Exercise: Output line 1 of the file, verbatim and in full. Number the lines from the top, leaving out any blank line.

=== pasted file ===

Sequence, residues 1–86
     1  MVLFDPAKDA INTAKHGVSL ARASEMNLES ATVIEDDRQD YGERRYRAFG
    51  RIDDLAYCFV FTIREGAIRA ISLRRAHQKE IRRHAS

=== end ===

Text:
Sequence, residues 1–86